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Another Part of the Apple Integrated TV Equation

All right, you know that I’m quite skeptical about whether Apple is really going to get into the TV game. It’s not that they wouldn’t do a great job developing such a product. It’s not that it wouldn’t be super easy to use and deliver a great picture. The issue is whether enough people would buy such a product, even if the price is highly competitive, and that’s a numbers game that Apple knows very well.

You see, today’s TV sets are reasonably easy to use, although the initial setup process might prove a tad daunting. This came to the forefront in a reader’s comments the other day, pointing out that, after setting an external home theater audio system, the set’s internal speakers were still audible. It doesn’t seem that TV makers are aware of the fact that, except maybe for highly overpriced the Bose VideoWave, the internal audio system is nowhere a match to the quality of the picture. Lots of users are going to connect the set to an external audio system, and the act of establishing such a connection ought to automatically disable the internal speakers. But that rarely, if ever, occurs, or at least I’ve never found a set where connecting something to an external audio output mutes the speakers. Yes, it happens on a personal computer, so you’d think TV makers would have read the memos.

Perhaps the TV makers could ask that question during the setup process: Do you plan to use a separate audio system with your new TV? Press Yes, and the internal speakers are disabled (though they can be switched on later if change your mind).

But that may be just the tip of the iceberg when it comes with the new TV setup process, or what you might encounter when you add something new to your system. Now when it comes to a cable or satellite set top box, unless you opt for the do-it-yourself installation — in which cause I hope and trust the instructions are clear enough to properly guide someone who isn’t a power user — an installer is going to do it all for you. If you want to integrate your remotes with the one provided with your set top box — and that probably applies to many users — they will handle it for you, or should. Most TV sets, home audio systems, Blu-ray players and so forth should integrate nicely. Well, except for an Apple TV, which as its own unique remote control layout.

Regardless of how well the remote is integrated with your various components, that’s where matters get the most confusing. The volume control of the audio source, whether the TV or an external audio system, should reflect the volume control selection on your remote. This isn’t a given, and not all remotes manage this chore. You also want to find a way to turn everything off at once, rather than have to choose one device, press Off, choose another device, etc. Cable and satellite remotes will often manage this chore for the TV set and the proprietary set top box, but probably not the sound system, the Blu-ray player and the other gear.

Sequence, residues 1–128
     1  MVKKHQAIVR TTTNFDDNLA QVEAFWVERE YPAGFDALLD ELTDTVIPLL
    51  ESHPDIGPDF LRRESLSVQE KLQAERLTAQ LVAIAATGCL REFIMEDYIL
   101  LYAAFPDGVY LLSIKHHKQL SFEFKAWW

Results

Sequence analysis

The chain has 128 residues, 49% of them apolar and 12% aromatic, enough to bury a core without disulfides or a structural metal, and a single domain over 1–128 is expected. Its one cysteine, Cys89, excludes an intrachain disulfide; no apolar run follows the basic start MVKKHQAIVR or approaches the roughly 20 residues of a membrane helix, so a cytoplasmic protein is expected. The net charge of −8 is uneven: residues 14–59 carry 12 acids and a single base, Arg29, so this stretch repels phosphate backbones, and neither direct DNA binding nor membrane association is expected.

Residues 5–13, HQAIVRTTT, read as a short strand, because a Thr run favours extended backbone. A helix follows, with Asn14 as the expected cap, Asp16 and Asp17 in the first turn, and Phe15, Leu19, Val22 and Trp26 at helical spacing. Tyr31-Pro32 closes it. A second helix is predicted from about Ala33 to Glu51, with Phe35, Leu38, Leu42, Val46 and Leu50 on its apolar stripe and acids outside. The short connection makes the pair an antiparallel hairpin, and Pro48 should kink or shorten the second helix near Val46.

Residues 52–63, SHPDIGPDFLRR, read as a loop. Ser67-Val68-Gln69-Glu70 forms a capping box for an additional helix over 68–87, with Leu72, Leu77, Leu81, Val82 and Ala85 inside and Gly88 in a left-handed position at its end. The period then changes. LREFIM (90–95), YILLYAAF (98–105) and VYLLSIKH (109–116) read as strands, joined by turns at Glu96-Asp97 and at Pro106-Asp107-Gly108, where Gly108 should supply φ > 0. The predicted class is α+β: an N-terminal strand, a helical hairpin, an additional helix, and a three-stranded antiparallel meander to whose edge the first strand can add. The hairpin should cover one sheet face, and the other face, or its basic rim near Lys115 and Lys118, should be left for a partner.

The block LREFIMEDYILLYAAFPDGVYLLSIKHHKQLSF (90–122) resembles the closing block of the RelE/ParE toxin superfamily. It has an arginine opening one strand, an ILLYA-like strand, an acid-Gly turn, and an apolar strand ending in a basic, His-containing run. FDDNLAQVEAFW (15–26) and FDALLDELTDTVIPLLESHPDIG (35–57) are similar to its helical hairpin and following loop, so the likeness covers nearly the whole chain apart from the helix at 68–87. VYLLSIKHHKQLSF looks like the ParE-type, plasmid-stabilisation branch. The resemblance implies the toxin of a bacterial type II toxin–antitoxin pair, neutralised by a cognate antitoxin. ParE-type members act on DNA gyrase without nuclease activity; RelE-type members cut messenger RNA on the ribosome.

When it comes to a reasonable degree of integration, the Logitech Harmony remotes are fairly good. The ones I’ve used are programmed via an app on your Mac or Windows PC. You pick the make and model of your TV, set top box, and other gear, and a preset configuration will be loaded. I was able to make this setup function reasonably well with a Panasonic TV, Bose sound system, and Samsung Blu-ray player, with a singular exception noted below. Since the Apple TV doesn’t have a physical on/off switch, I only needed to switch to that output, but it doesn’t seem as if the Harmony can replace the functions of Apple’s minimalist remote, which isn’t a favorite of mine anyway.

Logitech offers a visual display of the inputs to which you want to switch. A monolithic on/off switch will only turn on the components you’re using, but not the others. This sort of works, although, when switching from the Blu-ray player back to the satellite box, the player isn’t always turned off. It’s set to work that way, but maybe Samsung’s internal configuration is too stubborn for a Logitech.

Understand that the task of input switching, turning your gear on and off, and the other functions, are fairly basic. Once you get accustomed to the routine, it’s not so bad. Issues arise when you add more gadgetry, and the overall approach could be a lot better. Here’s where Apple might make a difference. If Steve Jobs truly “cracked the code” of simplifying the setup and use of multiple TV-related gear, that could be a major improvement.

But the job of simplification wouldn’t work if it meant that the Apple integrated TV did everything. Sure, Apple may prefer that you stream content from iTunes or one of their partners, such as Netflix, but the fact of the matter is that tens of millions of you have Blu-ray players, gaming consoles, external sound systems and other gear that needs to be properly configured and integrated. Is Apple preparing a whole living room solution that will encompass all these products, and simplify their use? Would you just tell Siri, “switch to the Blu-ray,” and have it do everything in the background, including turning off your cable box if you have one? Would you then say, “Siri, open the tray” to insert a disc?

Using your TV set with a standard cable or satellite hookup can be done without much complication. As you add gadgets to the mix, setup and regular use may present obstacles. If Apple can solve that with a TV set or Apple TV on steroids, it would be a boon to a saturated industry. But whether enough people would appreciate Apple’s high level of simplicity and elegance enough to spend a bundle on a new TV set remains an open question.